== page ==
Special features of the course will be a viewing of Edwards’s manuscripts at Yale’s Beinecke Library, and a day-long tour of sites in the Connecticut River Valley relating to Edwards and the Great Awakening. These sites include East Windsor (Edwards’s birthplace) and Enfield, Connecticut (where he preached Sinners in the Hands of an Angry God), and Northampton and Stockbridge, Massachusetts, the towns where he ministered for most of his career.

See here for more information.

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You Need to Know…

About America’s newest and biggest church and beware of it’s winsome, generous and loveable leader.

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John Calvin…

“We are nowhere forbidden to laugh.”

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This is nothing new, but it’s interesting and kind of amazing, to see the similarities all laid out on one page.

Abraham Lincoln was elected to Congress in 1846.
John F. Kennedy was elected to Congress in 1946.

Abraham Lincoln was elected President in 1860
John F. Kennedy was elected President in 1960.

Both were particularly concerned with civil rights.
Both lost a child while living in the White House.

Both Presidents were shot in the head, on a Friday, in the presence of their wives.

Lincoln‘s secretary was named Kennedy.
Kennedy’s Secretary was named

Both were assassinated by Southerners.
Both were succeeded by Southerners named Johnson.

Andrew Johnson, who succeeded Lincoln, was born in 1808.
Lyndon Johnson, who succeeded Kennedy, was born in 1908.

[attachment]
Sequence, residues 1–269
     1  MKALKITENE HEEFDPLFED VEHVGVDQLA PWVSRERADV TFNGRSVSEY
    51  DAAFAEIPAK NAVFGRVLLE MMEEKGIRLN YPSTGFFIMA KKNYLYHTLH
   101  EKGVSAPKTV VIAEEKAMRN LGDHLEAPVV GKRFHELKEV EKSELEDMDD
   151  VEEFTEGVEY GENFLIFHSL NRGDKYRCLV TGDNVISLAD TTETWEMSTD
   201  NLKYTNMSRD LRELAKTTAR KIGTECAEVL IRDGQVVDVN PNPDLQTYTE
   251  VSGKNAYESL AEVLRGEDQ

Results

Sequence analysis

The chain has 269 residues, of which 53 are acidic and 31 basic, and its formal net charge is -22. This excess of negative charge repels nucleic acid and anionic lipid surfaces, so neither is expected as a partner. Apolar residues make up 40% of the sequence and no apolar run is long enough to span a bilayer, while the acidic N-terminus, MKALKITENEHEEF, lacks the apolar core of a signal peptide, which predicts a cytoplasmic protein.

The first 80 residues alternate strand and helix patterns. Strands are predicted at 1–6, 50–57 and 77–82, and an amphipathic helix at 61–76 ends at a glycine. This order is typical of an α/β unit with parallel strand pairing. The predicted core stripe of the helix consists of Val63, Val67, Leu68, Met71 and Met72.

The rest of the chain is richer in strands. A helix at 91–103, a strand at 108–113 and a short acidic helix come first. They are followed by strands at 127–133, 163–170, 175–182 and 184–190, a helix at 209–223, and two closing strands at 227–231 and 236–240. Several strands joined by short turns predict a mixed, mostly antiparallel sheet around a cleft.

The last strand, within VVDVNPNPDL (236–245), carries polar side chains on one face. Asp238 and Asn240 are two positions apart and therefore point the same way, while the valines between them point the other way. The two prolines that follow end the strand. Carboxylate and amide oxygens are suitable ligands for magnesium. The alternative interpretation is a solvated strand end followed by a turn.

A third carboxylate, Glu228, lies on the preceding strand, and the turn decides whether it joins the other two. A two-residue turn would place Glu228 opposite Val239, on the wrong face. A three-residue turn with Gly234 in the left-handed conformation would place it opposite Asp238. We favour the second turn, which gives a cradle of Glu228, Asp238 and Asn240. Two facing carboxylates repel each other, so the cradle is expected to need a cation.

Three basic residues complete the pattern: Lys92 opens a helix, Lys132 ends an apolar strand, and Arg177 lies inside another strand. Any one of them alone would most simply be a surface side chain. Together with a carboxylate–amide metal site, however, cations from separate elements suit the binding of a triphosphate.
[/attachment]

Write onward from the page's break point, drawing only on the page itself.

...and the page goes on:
John Wilkes Booth, who assassinated Lincoln , was born in 1839.
Lee Harvey Oswald, who assassinated Kennedy, was born in 1939

Both assassins were known by their three names.
Both names are composed of fifteen letters.

Lincoln was shot at the Ford’s Theater.

Kennedy was shot in a Lincoln made by ‘Ford.

Lincoln was shot in a theater and his assassin ran and hid in a warehouse.
Kennedy was shot from a warehouse and his assassin ran and hid in a theater.

Booth and Oswald were assassinated before their trials.

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On April 8th, Michael Monsoor will get his posthumous Medal of Honor. Here’s what he did:

“That September morning, Monsoor and a group of SEAL snipers took up position on a residential rooftop as part of an operation to push into a dangerous section of southern Ramadi. Four insurgents armed with AK-47 rifles came into view, and the SEAL snipers opened fire, killing one and wounding another. Loudspeakers from a mosque broadcast calls for insurgents to rally, and residents blocked off nearby roads with rocks.

“Insurgents shot back at the SEAL position with automatic weapons from a moving vehicle and fired a rocket-propelled grenade at the building. The SEALs knew that more attacks were inevitable but continued their mission of protecting the troops clearing the area below, according to an official account.

“Monsoor’s commander repositioned him in a small hidden location between two SEAL snipers on an outcropping of the roof, facing the most likely route of another insurgent attack. As Monsoor manned his gun, an insurgent lobbed up a hand grenade, which hit Monsoor in the chest and bounced onto the roof.

“Grenade!” Monsoor shouted. But the two snipers and another SEAL on the roof had no time to escape, as Monsoor was closest to the only exit. Monsoor dropped onto the grenade, smothering it with his body. It detonated, and Monsoor died about 30 minutes later from his wounds.

“He made an instantaneous decision to save our teammates. I immediately understood what happened, and tragically it made sense to me in keeping with the man I know, Mike Monsoor,” said Lt. Cmdr. Seth Stone, Monsoor’s platoon leader in Ramadi.”

Here’s the fuller article.

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Maybe I should have just watched this video instead…

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Sure it’s a little sneaky and a lot unethical, but hey, check out Gmail’s newest feature!

Gmail Custom Time